What aspect of Mr. Raymond's reputation do the children find to be false in "To Kill a Mockingbird"?

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At the end of chapter 19, Jem makes Scout walk Dill out of the courtroom because he is causing a disruption and crying aloud. At the beginning of chapter 20, Scout and Dill exit the courthouse, and Dolphus Raymond offers Dill a sip of his drink, which is concealed in the paper bag. Much to the children's surprise, Dolphus Raymond is not drinking alcohol and has been sipping Coca-Cola inside a paper bag. After giving Dill some Coca-Cola to settle his stomach, Dolphus sympathizes with Dill and says that he understands why Dill felt upset after watching Mr. Gilmer disrespect Tom Robinson during his cross-examination. Dolphus then asks the children to keep his secret and explains why he feigns alcoholism. Essentially, Dolphus Raymond chooses to feign alcoholism in order to avoid confrontation with his racist neighbors who disagree with his taboo lifestyle. Instead of blatantly challenging his prejudiced neighbors, Dolphus finds it easier to feign alcoholism, which justifies his taboo lifestyle in the community's perspective.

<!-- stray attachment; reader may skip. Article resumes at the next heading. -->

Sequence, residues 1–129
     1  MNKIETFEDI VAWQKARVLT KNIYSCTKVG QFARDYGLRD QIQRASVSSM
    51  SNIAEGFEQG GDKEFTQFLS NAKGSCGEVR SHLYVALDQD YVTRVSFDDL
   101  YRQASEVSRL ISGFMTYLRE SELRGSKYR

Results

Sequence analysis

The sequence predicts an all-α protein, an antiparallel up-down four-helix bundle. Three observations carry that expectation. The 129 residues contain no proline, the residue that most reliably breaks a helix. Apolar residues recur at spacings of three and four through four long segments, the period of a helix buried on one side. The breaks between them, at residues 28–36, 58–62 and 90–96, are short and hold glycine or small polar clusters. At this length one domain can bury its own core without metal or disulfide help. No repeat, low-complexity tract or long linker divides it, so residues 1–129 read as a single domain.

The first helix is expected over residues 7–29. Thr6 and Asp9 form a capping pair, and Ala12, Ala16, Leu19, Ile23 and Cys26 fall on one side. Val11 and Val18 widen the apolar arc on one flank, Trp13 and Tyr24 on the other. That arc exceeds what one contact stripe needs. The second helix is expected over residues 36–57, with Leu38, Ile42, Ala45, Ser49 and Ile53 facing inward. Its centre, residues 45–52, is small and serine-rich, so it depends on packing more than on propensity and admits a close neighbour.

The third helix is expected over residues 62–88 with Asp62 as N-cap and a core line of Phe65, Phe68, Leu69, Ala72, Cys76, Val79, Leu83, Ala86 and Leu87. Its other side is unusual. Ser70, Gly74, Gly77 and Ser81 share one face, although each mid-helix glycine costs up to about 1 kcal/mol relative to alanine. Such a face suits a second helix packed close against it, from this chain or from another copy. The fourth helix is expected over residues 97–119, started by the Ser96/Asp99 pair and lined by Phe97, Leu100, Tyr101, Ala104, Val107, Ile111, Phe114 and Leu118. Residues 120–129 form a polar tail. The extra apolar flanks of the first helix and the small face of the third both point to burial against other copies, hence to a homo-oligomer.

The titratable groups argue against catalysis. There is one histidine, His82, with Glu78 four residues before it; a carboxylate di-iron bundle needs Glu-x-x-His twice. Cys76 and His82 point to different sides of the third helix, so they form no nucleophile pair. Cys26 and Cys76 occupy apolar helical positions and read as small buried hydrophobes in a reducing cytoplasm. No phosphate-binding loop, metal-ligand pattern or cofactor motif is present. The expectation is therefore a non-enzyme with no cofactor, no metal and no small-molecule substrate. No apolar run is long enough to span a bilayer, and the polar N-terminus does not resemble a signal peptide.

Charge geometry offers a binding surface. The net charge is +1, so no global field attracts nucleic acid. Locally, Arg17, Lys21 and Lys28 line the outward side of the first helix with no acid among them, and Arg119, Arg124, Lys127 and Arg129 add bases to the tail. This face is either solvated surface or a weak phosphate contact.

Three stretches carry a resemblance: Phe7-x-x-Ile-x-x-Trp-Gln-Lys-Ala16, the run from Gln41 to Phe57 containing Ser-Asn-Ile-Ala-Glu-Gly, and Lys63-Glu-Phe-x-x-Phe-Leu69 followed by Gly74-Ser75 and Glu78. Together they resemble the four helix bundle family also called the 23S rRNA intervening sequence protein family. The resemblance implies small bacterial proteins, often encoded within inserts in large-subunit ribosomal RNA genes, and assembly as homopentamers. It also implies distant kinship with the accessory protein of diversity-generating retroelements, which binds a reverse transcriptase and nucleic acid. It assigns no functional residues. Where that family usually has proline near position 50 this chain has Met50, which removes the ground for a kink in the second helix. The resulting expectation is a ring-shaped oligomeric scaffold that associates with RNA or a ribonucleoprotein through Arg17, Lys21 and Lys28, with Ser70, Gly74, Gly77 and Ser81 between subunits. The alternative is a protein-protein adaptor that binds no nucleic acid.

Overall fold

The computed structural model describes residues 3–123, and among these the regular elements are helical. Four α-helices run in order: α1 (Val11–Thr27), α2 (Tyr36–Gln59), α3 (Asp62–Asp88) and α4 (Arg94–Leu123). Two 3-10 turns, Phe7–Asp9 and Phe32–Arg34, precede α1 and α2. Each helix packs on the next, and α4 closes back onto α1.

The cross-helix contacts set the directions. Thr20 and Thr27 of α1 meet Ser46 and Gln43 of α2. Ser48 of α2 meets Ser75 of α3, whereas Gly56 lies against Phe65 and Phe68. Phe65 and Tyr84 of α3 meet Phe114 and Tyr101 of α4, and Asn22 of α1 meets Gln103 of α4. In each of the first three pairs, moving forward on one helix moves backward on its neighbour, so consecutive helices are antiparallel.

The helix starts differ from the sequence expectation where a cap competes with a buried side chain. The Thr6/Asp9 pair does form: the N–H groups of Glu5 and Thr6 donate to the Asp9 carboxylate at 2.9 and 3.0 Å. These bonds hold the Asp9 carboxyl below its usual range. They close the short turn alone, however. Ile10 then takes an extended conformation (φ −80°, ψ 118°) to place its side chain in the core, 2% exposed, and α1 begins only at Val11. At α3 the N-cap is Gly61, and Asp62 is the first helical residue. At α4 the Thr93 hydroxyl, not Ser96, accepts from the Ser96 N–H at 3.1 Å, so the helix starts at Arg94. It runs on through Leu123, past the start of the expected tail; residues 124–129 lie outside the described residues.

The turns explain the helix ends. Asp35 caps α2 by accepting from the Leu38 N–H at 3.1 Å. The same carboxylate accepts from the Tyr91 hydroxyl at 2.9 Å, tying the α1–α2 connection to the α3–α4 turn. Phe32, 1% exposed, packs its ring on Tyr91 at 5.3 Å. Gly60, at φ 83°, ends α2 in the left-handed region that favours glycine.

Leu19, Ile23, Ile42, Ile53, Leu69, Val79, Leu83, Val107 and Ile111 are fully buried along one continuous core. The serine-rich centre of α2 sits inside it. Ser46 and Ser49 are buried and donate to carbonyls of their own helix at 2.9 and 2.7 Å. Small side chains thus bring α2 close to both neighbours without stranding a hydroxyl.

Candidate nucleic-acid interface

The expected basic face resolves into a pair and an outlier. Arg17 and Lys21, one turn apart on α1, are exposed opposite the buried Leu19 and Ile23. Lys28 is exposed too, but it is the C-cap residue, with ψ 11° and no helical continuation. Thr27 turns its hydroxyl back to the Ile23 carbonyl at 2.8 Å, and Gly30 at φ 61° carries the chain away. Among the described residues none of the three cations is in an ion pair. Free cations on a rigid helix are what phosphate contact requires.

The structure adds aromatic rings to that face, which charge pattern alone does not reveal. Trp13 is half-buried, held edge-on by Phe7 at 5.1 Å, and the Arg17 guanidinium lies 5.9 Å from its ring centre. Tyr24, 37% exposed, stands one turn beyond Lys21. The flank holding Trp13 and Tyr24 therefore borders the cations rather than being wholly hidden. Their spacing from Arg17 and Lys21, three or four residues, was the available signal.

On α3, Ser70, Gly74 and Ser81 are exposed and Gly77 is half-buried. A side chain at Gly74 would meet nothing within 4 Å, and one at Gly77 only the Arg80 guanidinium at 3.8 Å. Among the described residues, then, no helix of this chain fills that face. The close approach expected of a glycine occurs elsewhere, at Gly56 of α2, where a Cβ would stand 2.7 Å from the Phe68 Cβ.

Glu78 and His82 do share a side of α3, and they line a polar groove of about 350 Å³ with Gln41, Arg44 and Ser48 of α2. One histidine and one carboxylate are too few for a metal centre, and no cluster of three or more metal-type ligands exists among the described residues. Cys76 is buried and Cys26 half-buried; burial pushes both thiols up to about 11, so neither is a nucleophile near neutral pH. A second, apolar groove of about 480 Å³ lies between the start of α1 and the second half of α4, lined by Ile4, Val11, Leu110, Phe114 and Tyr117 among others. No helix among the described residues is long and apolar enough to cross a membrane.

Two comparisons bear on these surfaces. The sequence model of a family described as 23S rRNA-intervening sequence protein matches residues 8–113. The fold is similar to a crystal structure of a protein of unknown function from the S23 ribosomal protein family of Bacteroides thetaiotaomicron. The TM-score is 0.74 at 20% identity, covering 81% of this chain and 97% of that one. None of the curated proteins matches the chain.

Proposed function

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Dill and Scout leave the courtroom when Dill is having trouble understanding why Mr. Gilmer, the Ewells' lawyer, is being so condescending to Tom.  When outside the courthouse, the children are approached by Dolphus Raymond.  Mr. Raymond has the reputation of being the town drunk and living with the colored people.  Scout and Dill find out that Mr. Raymond does not drink alcohol out of his brown paper sack, but Coca-Cola.  Mr. Raymond confides in them that the town couldn't understand his lifestyle if he were sober, so he lets everyone think he's drunk so they have an excuse for they way he lives.  The children realize that Mr. Raymond is not a lousy drunk, but a man that wants to live his life how he chooses without others judging him.

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